# flat2lla

Convert from flat Earth position to array of geodetic coordinates

## Description

example

lla = flat2lla(flatearth_pos,llo,psio,href) estimates an array of geodetic coordinates, lla, from an array of flat Earth coordinates, flatearth_pos. This function estimates the lla value with respect to a reference location that you define with llo, psio, and href.

lla = flat2lla(___, ellipsoidModel) estimates the coordinates for a specific ellipsoid planet.

lla = flat2lla(___,flattening,equatorialRadius) estimates the coordinates for a custom ellipsoid planet defined by flattening and equatorialRadius.

## Examples

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Estimate latitude, longitude, and altitude at a single coordinate:

lla = flat2lla( [ 4731 4511 120 ], [0 45], 5, -100)
lla =
0.0391   45.0441  -20.0000

Estimate latitudes, longitudes, and altitudes at multiple coordinates with the WGS84 ellipsoid model:

lla = flat2lla( [ 4731 4511 120; 0 5074 4498 ], [0 45], 5, -100, 'WGS84' )
lla =
1.0e+03 *

0.0000    0.0450   -0.0200
-0.0000    0.0450   -4.3980

Estimate latitudes, longitudes, and altitudes at multiple coordinates with a custom ellipsoid model:

f = 1/196.877360;
Re = 3397000;
lla = flat2lla( [ 4731 4511 120; 0 5074 4498 ], [0 45], 5, -100,  f, Re )
lla =
1.0e+03 *

0.0001    0.0451   -0.0200
-0.0000    0.0451   -4.3980

## Input Arguments

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Flat Earth position coordinates, specified as 3-element vector, in meters.

Data Types: double

Latitude and longitude of reference location , specified as an m-by-2 array in degrees, for the origin of the estimation and the origin of the flat Earth coordinate system.

Data Types: double

Angular direction of flat Earth x-axis, specified as a scalar. The angular direction is the degrees clockwise from the north, which is the angle in degrees used for converting flat Earth x and y coordinates to the north and east coordinates.

Data Types: double

Reference height from the surface of the Earth to the flat Earth frame with respect to the flat Earth frame, specified as a scalar, in meters.

Data Types: double

Ellipsoid planet model. 'WGS84' is the only option.

Data Types: char | string

Flattening of the planet, specified as a double scalar.

Data Types: double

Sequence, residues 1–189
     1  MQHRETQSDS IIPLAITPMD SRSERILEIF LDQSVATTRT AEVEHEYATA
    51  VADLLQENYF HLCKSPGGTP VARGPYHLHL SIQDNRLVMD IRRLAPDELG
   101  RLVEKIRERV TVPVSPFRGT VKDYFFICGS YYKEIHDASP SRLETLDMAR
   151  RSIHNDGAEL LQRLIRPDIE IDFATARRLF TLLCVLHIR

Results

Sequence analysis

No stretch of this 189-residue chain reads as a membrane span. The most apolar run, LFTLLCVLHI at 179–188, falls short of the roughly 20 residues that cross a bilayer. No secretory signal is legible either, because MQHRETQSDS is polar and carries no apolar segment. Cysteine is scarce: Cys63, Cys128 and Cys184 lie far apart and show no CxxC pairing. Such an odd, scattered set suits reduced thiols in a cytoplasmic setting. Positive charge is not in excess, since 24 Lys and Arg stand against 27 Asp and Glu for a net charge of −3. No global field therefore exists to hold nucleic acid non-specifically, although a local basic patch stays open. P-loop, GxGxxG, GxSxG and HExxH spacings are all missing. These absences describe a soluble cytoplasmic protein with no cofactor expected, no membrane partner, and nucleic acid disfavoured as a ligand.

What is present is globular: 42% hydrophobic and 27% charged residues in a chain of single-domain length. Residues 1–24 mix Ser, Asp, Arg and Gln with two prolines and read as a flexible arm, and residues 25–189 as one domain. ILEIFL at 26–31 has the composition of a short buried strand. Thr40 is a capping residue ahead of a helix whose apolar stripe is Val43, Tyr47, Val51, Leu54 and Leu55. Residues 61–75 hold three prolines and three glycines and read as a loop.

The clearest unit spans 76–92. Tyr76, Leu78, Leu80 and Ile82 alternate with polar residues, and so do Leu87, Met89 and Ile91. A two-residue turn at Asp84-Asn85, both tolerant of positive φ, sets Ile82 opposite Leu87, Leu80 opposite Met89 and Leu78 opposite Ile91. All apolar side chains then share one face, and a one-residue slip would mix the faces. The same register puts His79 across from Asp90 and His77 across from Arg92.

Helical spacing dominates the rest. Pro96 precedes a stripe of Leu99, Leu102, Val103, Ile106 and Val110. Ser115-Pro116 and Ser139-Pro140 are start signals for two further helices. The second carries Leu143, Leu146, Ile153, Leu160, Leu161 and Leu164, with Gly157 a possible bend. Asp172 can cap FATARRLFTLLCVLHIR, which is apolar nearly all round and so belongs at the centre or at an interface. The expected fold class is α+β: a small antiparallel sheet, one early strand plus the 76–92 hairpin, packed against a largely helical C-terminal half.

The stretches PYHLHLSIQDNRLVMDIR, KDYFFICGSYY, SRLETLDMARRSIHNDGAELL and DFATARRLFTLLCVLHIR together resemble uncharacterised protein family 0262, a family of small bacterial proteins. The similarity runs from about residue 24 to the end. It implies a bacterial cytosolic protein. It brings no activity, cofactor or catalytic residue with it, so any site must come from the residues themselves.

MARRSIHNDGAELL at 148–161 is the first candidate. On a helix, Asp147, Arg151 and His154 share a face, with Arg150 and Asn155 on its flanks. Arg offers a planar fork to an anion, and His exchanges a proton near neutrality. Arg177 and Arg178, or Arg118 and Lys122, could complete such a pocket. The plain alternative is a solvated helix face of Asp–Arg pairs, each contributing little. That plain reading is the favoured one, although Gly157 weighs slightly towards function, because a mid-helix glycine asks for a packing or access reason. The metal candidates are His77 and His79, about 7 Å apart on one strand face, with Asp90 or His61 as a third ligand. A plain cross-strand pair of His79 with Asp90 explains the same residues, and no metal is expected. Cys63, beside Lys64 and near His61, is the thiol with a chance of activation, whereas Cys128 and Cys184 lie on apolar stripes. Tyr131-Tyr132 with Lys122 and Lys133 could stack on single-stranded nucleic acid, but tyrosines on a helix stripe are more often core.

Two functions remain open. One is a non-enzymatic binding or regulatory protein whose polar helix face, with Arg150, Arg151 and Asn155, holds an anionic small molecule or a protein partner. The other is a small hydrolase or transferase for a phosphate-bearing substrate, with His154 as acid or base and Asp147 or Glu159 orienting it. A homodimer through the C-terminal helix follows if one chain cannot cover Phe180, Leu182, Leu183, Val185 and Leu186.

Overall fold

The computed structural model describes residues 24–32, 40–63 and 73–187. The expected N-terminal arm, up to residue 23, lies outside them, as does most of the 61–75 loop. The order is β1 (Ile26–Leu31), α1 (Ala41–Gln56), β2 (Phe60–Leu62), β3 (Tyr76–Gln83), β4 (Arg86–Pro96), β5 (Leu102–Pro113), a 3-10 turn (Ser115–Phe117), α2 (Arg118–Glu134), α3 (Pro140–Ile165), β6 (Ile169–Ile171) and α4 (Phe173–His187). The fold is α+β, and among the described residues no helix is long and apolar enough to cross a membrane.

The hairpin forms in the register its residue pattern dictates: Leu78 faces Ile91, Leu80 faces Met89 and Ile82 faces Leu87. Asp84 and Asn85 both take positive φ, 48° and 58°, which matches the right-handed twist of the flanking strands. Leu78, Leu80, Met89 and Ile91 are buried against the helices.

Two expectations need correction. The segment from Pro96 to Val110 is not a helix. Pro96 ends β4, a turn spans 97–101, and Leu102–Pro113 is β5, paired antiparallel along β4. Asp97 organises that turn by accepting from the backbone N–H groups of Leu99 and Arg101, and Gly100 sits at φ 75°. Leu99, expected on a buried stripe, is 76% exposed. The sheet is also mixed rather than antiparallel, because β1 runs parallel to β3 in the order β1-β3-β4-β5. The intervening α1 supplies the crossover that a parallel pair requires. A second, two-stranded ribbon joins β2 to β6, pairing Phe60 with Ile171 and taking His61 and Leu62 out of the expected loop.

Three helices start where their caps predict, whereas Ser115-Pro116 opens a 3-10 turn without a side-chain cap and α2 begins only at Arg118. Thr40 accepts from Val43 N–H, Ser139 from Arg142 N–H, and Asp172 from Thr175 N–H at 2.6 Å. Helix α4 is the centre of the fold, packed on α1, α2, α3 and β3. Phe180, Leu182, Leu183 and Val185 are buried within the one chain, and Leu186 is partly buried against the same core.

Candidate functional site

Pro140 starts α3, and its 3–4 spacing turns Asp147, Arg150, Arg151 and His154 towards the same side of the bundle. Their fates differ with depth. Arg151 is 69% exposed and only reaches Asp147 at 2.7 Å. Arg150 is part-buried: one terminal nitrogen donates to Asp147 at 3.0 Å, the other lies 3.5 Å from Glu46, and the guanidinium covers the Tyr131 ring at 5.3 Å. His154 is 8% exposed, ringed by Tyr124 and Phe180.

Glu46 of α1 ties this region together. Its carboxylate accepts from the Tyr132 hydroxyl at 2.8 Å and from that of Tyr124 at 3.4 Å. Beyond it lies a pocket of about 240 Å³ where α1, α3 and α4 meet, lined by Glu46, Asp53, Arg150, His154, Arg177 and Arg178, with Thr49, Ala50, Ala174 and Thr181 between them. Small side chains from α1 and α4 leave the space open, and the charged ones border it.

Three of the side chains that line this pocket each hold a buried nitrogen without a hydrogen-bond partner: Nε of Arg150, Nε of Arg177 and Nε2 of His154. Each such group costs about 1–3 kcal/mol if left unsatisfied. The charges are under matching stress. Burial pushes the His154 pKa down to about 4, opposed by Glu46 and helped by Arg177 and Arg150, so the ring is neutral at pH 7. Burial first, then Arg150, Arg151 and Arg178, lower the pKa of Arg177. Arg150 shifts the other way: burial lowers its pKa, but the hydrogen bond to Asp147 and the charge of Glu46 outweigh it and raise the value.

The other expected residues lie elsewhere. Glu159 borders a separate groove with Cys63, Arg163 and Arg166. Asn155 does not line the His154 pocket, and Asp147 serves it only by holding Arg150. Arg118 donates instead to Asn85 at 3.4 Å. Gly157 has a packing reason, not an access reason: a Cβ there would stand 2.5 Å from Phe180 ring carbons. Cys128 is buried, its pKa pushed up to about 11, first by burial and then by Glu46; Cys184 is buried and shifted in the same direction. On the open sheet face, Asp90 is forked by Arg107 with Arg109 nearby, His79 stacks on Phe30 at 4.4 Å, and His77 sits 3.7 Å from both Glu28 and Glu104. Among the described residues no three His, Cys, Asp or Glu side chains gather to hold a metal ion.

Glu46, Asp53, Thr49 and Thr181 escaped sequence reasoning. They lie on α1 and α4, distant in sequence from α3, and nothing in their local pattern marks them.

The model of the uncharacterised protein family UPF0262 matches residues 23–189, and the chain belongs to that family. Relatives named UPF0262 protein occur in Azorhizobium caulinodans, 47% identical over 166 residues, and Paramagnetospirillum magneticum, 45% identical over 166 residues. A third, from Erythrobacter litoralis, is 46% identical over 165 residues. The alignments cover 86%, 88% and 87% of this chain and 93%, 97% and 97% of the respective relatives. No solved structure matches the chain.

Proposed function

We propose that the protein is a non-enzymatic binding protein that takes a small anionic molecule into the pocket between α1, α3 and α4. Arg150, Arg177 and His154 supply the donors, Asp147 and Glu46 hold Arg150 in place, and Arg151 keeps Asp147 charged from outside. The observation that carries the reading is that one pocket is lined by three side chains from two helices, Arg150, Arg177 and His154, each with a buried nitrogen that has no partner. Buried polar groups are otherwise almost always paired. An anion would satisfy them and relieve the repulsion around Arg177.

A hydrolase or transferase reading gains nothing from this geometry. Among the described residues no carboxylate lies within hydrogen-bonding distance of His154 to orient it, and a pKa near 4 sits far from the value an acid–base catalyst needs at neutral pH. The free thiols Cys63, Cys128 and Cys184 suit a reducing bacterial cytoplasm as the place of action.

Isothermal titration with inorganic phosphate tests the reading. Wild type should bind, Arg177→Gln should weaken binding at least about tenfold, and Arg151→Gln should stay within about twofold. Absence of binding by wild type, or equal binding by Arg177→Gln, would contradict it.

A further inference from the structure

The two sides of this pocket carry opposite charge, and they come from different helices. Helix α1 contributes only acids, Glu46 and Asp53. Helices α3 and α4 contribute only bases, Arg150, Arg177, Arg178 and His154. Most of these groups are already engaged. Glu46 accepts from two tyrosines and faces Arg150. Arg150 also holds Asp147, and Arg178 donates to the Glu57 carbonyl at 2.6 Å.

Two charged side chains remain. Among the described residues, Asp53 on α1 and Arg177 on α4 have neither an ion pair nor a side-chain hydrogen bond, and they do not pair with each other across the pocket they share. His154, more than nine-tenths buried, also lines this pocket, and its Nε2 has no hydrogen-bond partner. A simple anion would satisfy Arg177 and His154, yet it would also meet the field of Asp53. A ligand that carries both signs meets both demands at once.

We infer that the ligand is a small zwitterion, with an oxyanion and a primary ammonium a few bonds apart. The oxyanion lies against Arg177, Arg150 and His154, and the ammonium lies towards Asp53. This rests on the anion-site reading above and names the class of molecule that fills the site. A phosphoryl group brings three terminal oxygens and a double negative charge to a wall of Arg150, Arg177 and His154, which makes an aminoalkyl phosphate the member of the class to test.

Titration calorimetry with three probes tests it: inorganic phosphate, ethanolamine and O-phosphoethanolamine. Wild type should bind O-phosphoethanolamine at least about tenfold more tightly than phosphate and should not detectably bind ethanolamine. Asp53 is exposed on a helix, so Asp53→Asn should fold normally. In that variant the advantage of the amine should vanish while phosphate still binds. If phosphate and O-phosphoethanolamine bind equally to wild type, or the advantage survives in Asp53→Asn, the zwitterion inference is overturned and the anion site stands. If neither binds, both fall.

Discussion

Planetary equatorial radius, specified as a scalar, in meters.

Data Types: double

## Output Arguments

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Geodetic coordinates (latitude, longitude, and altitude), returned as an m-by-3 array, in [degrees, degrees, meters].

## Algorithms

The estimation begins by transforming the flat Earth x and y coordinates to north and east coordinates. The transformation has the form of

$\left[\begin{array}{c}N\\ E\end{array}\right]=\left[\begin{array}{cc}\mathrm{cos}\psi & -\mathrm{sin}\psi \\ \mathrm{sin}\psi & \mathrm{cos}\psi \end{array}\right]\left[\begin{array}{c}{p}_{x}\\ {p}_{y}\end{array}\right],$

where$\left(\overline{\psi }\right)$ is the angle in degrees clockwise between the x-axis and north.

To convert the north and east coordinates to geodetic latitude and longitude, the estimation uses the radius of the curvature in the prime vertical (RN) and the radius of the curvature in the meridian (RM). (RN) and (RM) are defined by the following relationships:

${R}_{N}=\frac{R}{\sqrt{1-\left(2f-{f}^{2}\right){\mathrm{sin}}^{2}{\mu }_{0}}},$

and

${R}_{M}={R}_{N}\frac{1-\left(2f-{f}^{2}\right)}{1-\left(2f-{f}^{2}\right){\mathrm{sin}}^{2}{\mu }_{0}},$

where (R) is the equatorial radius of the planet and$\left(\overline{f}\right)$ is the flattening of the planet.

Small changes in the latitude and longitude are approximated from small changes in the North and East positions by

$\begin{array}{l}d\mu =\text{atan}\left(\frac{1}{{R}_{M}}\right)dN\\ d\iota =\text{atan}\left(\frac{1}{{R}_{N}\mathrm{cos}\mu }\right)dE\end{array}$

and

$d\iota =\text{atan}\left(\frac{1}{{R}_{N}\mathrm{cos}\mu }\right)dE.$

The output latitude and longitude are the initial latitude and longitude plus the small changes in latitude and longitude.

$\begin{array}{l}\mu ={\mu }_{0}+d\mu \\ \iota ={\iota }_{0}+d\iota \end{array}$

The altitude is the negative flat Earth z-axis value minus the reference height (href).

$h=-{p}_{z}-{h}_{ref}$

## References

[1] Etkin, B., Dynamics of Atmospheric Flight. New York: John Wiley & Sons, 1972.

[2] Stevens, B. L., and F. L. Lewis, Aircraft Control and Simulation, 2nd ed. New York: John Wiley & Sons, 2003.

## Version History

Introduced in R2011a